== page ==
car driving in winter snowEvery winter finds Maryland roads a skating rink full of hazards causing incidents, from minor fender benders and off-road skids to serious and life-altering accidents. Driving in winter weather can be hazardous.

Here are the top causes of serious auto accidents in winter:

1. Black Ice

Black ice refers to the transparent coating of ice on a road’s surface, usually resulting from refreezing of melted snow or ice. Black ice is dangerous because it looks like wet pavement. That’s seldom a concern for drivers, however, and they will hit a patch of black ice at normal speeds, causing the vehicle to slide. The seriousness of an incident involving black ice will depend on how much is on the road’s surface, how fast the car was traveling, and the driver’s ability to react quickly.

2. Slush

After roads have been treated and plowed, drivers think it’s safe to hit the highway at normal speeds. Even the best plowed roads can have patches of slushy snow and ice, and for an unprepared driver traveling the speed limit, the slush is as dangerous as ice on the road’s surface. Slush is dangerous for several reasons:

  • It collects on your windshield, decreasing visibility
  • It keeps your tires from grabbing the surface of the road
  • It can hide ice underneath
  • Slush can refreeze into ice

3. Failure of Drivers to Remove Snow from Vehicles

Driving with snow on your vehicle is a hazard to every other driver around you. The snow can blow off your car in a powder that reduces visibility for other cars around you, slide off the vehicle and cause slippery conditions for the vehicles near you, or break off in solid chunks of ice that can damage a vehicle’s windshield and startle the person driving it. In Maryland, there is not a specific law for driving in winter weather that snow is removed from your vehicle if it is not impeding your own ability to see clearly, but it is “recommended.” Drivers of snow-covered cars or trucks can be held responsible for any damages resulting from snow or ice falling from their vehicles.

4. Other Drivers

Winter accidents are frequently caused by drivers themselves, such as failure to yield a right-of-way, driving too fast for the conditions of the road, and driving at a speed that creates an inability to stop at traffic signals or signs. In slippery conditions, these accidents frequently compound due to road conditions, making the accident difficult to avoid by other drivers.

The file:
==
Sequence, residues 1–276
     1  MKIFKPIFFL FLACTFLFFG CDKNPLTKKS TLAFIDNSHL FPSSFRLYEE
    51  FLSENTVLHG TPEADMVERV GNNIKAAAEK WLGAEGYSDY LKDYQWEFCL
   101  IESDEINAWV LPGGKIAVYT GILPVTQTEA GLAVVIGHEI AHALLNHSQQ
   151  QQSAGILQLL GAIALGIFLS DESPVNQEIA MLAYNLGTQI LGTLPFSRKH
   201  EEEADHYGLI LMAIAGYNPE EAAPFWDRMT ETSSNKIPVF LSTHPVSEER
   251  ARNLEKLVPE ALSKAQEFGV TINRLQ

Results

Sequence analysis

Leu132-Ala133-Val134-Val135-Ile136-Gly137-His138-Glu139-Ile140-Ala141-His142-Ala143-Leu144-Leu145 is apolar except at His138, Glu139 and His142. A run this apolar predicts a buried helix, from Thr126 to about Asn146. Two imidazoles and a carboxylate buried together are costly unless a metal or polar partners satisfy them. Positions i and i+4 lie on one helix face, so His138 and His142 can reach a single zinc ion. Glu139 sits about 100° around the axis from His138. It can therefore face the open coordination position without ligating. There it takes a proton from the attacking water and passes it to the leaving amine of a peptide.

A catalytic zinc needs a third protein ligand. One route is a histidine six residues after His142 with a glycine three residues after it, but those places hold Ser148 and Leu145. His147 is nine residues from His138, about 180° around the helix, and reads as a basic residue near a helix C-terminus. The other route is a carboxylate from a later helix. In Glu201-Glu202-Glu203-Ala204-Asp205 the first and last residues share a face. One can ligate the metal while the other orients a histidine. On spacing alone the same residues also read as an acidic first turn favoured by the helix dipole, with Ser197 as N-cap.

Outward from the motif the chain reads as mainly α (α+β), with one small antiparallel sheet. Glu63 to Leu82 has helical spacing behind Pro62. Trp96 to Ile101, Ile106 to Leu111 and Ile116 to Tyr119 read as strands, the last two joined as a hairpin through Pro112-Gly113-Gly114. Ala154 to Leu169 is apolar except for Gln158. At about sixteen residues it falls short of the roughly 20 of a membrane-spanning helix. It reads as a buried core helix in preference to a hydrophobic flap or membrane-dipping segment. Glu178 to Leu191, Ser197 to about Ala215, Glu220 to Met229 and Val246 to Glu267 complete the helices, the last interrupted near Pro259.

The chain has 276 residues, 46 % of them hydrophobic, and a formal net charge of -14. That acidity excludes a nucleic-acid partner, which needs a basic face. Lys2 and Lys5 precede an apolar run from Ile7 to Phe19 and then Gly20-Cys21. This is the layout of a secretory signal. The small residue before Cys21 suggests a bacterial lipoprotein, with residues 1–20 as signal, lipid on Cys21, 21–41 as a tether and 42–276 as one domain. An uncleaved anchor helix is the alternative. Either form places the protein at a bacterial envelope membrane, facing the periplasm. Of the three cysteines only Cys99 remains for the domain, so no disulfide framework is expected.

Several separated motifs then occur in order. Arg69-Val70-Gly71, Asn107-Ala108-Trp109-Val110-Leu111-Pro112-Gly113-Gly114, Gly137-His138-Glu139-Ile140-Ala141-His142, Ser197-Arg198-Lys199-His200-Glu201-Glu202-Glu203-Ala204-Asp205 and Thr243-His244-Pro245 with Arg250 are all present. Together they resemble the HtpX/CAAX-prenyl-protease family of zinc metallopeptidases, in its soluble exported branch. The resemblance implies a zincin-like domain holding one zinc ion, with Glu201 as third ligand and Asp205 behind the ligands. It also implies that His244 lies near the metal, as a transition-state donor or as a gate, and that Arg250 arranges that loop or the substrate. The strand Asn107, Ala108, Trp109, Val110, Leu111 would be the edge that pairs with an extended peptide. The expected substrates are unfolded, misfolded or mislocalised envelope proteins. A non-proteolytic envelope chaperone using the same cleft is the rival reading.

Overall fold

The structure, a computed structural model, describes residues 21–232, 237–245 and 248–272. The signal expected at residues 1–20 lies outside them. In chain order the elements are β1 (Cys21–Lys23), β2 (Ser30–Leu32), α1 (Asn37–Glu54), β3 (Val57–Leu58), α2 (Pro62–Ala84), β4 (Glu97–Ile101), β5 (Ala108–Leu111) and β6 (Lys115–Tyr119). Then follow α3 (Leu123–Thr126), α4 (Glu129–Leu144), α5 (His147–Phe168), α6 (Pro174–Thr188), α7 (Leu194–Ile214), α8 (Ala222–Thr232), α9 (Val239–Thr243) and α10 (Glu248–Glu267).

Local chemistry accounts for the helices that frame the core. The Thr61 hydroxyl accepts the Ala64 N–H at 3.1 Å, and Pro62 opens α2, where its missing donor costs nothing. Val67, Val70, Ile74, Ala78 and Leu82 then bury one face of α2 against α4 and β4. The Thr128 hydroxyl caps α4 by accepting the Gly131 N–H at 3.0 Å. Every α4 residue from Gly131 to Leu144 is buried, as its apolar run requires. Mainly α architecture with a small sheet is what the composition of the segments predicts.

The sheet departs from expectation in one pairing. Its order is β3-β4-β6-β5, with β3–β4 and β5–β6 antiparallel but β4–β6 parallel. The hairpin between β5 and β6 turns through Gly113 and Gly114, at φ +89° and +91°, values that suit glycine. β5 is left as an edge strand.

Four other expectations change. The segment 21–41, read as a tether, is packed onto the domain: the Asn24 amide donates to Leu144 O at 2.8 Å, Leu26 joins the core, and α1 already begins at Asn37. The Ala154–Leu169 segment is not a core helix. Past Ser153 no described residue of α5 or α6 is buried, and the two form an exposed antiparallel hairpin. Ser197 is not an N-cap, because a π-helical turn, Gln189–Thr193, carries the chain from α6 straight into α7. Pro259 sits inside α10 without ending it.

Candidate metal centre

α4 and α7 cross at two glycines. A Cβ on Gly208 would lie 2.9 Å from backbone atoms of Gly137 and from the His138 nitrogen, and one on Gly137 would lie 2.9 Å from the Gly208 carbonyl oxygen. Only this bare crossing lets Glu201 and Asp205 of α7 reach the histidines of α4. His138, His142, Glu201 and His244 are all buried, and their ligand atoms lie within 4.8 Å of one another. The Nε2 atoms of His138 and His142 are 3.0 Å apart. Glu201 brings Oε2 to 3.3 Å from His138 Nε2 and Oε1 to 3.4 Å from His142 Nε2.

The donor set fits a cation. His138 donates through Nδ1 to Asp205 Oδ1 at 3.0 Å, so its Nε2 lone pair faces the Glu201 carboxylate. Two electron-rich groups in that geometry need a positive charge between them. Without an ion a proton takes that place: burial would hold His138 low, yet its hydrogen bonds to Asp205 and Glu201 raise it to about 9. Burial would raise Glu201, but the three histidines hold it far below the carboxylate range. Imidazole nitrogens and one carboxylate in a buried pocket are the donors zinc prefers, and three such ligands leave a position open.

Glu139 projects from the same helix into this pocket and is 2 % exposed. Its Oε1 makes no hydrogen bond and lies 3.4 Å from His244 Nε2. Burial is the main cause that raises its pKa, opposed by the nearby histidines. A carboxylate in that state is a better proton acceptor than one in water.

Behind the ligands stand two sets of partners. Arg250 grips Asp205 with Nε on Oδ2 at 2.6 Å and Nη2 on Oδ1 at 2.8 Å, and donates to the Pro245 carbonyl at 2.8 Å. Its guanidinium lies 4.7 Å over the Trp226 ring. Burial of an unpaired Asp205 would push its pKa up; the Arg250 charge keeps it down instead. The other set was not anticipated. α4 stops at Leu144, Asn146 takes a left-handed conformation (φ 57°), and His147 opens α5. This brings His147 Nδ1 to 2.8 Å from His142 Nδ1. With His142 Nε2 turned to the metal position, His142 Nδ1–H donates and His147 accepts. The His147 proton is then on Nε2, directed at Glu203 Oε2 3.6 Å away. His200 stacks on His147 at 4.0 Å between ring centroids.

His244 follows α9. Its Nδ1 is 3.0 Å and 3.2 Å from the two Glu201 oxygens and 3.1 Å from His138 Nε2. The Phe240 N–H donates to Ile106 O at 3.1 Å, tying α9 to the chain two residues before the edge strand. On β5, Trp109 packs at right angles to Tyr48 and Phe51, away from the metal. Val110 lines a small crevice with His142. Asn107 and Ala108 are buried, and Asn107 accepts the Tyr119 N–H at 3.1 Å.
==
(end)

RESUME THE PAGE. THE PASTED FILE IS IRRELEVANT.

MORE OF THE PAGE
5. Poor Visibility

Whether it’s driving in white-out conditions or battling the salty spray from roads, winter weather creates extremely dangerous visibility issues. To make matters even worse, other drivers may insist on using high beams in bad weather conditions such as fog, snow, sleet, or rain. High beams are not intended for use in these conditions, and not only add to your own difficulty seeing, but blind drivers in oncoming traffic.

6. Stalled Drivers on the Side of the Road

If the roads are slick, drivers need to be alert for vehicles that have stalled or skidded off the main roadways. While they may “almost” be off the road, they may still be partially blocking a lane.

7. Indistinct Pavement Markings

Snow-covered roads almost always equal obscured pavement markings such as lane indicators, pedestrian walkways, and “turn only” arrows. If you must be on roads before they are paved, make sure you are in the middle of your lane and use caution at intersections and traffic signals.

If you’ve been involved in a serious auto accident because of another driver’s actions in dangerous winter weather, call attorney Arthur Crum at 301-662-4088 to discuss your case, or contact us here for a free, no-obligation consultation.

CategoryCar Accidents

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